I have light skin, light enough that some people think I’m a white person. My dad, a Native man, and my mother, a white woman, had me when they were teenagers in 1953. I grew up in Compton, California, a mixed race suburb of Los Angeles. The family next door was Bolivian and they loved me like a daughter. My best friend was Japanese and Mexican. Still, when I was 10 years-old, my dad sat me down to have “the talk” with me about race. He told me about how to navigate the streets, about how to stay safe. He wanted to make sure I understood that in order to be accepted by certain white people it mattered who your friends were. 

By that point, however, I already knew. 


Writers Consider Native American Identity and Cultural Belonging

Edited by Diane Glancy and Linda Rodriguez 

I'm honored to have my work included.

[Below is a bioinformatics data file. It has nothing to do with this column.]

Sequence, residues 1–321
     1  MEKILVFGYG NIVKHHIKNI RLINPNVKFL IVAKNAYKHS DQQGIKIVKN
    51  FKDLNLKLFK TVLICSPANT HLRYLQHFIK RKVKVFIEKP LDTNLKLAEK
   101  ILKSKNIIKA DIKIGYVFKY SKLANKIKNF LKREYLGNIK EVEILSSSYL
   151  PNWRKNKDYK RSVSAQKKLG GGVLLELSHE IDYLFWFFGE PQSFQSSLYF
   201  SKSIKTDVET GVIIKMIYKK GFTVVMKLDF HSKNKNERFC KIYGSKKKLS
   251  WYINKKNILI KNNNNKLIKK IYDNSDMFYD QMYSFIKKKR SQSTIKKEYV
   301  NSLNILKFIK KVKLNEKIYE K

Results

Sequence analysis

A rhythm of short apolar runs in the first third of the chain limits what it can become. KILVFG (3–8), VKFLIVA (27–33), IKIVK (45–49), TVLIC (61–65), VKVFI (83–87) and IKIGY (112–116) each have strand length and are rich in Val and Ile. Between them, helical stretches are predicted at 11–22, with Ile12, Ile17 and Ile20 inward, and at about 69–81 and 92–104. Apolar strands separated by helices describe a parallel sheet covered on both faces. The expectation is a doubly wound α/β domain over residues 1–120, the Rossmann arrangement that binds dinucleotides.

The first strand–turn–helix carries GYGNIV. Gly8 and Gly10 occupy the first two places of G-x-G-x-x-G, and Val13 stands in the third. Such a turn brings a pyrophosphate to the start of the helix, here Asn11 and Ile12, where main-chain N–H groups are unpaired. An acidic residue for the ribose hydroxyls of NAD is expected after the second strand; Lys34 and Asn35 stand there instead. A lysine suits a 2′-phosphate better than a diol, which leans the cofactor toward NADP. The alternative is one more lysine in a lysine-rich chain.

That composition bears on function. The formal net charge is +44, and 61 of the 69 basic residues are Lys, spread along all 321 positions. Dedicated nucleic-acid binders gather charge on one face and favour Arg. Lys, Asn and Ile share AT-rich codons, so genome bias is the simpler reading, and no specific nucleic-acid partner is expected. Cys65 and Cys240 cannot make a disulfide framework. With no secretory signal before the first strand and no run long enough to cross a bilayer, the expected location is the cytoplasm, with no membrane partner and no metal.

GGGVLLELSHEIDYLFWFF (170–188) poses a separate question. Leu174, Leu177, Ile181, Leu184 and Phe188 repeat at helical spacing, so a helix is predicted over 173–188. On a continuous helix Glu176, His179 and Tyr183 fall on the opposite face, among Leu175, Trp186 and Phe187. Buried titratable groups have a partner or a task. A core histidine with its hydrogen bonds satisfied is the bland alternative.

Unpapered is a collection of personal narratives by Indigenous writers exploring the meaning and limits of Native American identity beyond its legal margins. Native heritage is neither simple nor always clearly documented, and citizenship is a legal and political matter of sovereign nations determined by such criteria as blood quantum, tribal rolls, or community involvement. Those who claim a Native cultural identity often have family stories of tenuous ties dating back several generations. Given that tribal enrollment was part of a string of government programs and agreements calculated to quantify and dismiss Native populations, many writers who identify culturally and are recognized as Native Americans do not hold tribal citizenship.